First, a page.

After that visit, Aho said, her father changed his mindset about sharing the story of his military service. She gave him a tape recorder for his birthday, and together, they wrote a short memoir aimed at fifth graders to help the students learn world history.

“That’s what he had to share, and it was very hard for him to do it,” Aho said. “But it was what was important for him to share.”

Before the end of the war, DiPalma served as part of the 79th Infantry Division, fighting on the Belgium border and chasing German troops across the Rhine River. The memoir touches upon his time in combat, but much of it covers the trials and the small part DiPalma played in the historical moment.

The memoir doesn’t tell his whole story, Aho said. Even many years after, it was hard for him to talk about. But it does share the core of it, and Aho said her father’s main goal was not to let the story die with him.

He broke his long silence about his wartime experience, conducting interviews with the BBC, military museums, and appearing at the New York Film Festival for the debut of a restored wartime movie, where his younger self could be spotted behind the witness stand.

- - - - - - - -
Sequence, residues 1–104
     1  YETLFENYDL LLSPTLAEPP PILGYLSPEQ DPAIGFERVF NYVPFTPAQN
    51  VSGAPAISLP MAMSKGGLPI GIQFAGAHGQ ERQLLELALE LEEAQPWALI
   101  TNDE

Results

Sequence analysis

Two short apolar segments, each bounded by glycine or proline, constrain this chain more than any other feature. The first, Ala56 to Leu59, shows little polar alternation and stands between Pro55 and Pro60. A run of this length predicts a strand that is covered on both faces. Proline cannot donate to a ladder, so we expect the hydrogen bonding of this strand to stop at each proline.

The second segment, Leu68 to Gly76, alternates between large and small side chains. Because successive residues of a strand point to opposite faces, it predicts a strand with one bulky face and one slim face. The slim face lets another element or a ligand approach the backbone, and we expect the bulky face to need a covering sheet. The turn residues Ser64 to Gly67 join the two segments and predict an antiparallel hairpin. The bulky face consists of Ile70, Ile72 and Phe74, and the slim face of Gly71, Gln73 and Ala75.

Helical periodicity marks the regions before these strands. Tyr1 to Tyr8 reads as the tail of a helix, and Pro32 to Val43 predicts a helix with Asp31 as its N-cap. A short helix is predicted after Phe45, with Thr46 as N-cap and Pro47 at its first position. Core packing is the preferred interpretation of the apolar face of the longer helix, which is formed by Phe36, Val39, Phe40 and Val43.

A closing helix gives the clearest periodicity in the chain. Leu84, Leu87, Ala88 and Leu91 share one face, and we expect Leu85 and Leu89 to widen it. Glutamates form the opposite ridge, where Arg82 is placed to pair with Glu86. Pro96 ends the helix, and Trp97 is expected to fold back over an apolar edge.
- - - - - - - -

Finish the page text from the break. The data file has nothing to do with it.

He has been recognized for those efforts. In 2009, he was presented with the Legacy of Nuremberg Award by the Virginia Holocaust Museum, which rendered a life-size likeness of him standing guard at the witness stand in the museum’s mock Nuremberg Trial Courtroom 600.

“The biggest message my dad wanted to get out, and why he did that book, is because he doesn’t want people to forget,” Aho said of that history. “He wanted to keep it alive and known so it can never happen again. That’s what he really wanted.”

Aho said that due to the COVID-19 pandemic, the family is not able to attend DiPalma’s burial, and they plan to hold a memorial service for him at a later date.